Tuesday, January 27, 2015

Process definition to initiate document management

It seems that processes are a key component of taxonomy construction and enablement. Generally speaking, we have four different types of processes: operating processes, support processes, management processes, and control processes.

Porter explored these issues in "Competitive advantage" under the general rubric of "value chain".

There are a few different standard process models including: APQC-PCF, SCC-SCOR, Canadian Municipal Reference Model, Exploration and Mining Business Process Reference Model, VCG-VRM, eTOM, and ACORD. In reviewing processes, one can identify a variety of different facets:


  • does it exist with the enterprise?
  • who is the owner (person or department)?
  • what are the support systems?

Lehmann introduces some other categories (slide 29), including:

  • value (core, secondary, low, outsourced, NA)
  • asset type (operating, support, management, exception control, resolution control)
  • use (routine, periodic, occasional, not used, unknown, new)
  • complexity (simple, low, moderate, complex, highly complex)
  • discipline (formal, informal, rely on 3rd party)
  • automation (manual, semi-automated, fully-automated, rely on third party)
  • documentation (detailed, satisfactory, unsatisfactory, undocumented, rely on third party)
  • training (sufficient, insufficient, not available, not necessary, rely on third party)
  • effectiveness (very effective, effective, adequate, not very effective, not at all effective)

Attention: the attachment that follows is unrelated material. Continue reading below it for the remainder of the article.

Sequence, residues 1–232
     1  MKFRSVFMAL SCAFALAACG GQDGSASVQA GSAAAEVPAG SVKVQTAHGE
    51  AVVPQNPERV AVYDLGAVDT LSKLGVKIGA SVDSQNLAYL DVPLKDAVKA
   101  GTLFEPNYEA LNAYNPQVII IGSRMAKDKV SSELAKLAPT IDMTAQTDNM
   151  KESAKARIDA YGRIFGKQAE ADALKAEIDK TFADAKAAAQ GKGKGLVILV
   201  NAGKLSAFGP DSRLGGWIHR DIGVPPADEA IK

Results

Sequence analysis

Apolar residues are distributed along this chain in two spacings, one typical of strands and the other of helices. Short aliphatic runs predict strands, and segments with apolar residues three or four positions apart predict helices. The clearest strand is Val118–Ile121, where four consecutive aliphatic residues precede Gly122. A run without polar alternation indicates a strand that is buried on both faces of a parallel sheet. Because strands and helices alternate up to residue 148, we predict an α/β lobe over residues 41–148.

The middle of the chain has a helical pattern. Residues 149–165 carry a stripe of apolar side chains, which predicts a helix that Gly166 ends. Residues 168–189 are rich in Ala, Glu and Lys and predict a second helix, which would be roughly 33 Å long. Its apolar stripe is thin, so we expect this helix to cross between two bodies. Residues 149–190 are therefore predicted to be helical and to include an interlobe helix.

• efficiency (very efficient, efficient, adequate, not very efficient, not at all efficient)
  • ACTION (improve, consolidate, eliminate, benchmark, re-evaluate, design, outsource, insource, none)
  • TIMING (immediately, near-term, long-term, unspecified)
This kind of exercise could be valuable during an early phase of a document management initiative. For example, IT could review these processes while enabling document management as a service. It would also be a valuable exercise when engaging with new business units.

With each business unit we could expand the discussion. Lambe suggests a variety of different facets that could be amenable to knowledge management, for example:

From Ranganathan:
  • People and organizations (a controlled schedule)
  • Things and parts of things
  • Activity cycles
  • Locations
  • Time or sequence
  • Subject matter (generally for a well defined discipline)
From Rosenfeld and Morville:
  • Topic
  • Product
  • Document type
  • Audience
  • Geography
  • Price
From Tiwana's Knowledge management toolkit:
  • Activities
  • Domain/subject matter
  • Form (document, file, tacit, etc.)
  • Type (document type)
  • Products and services
  • Time
  • Location
Personally, I like to understand a few things from key business units:
  • Document types they use
  • Materials they use
  • Activities or business processes
  • How they describe locations (often linked to processes)
  • How they describe times (also linked to processes)
So I guess I'm actually pretty close to Lambe on this one!

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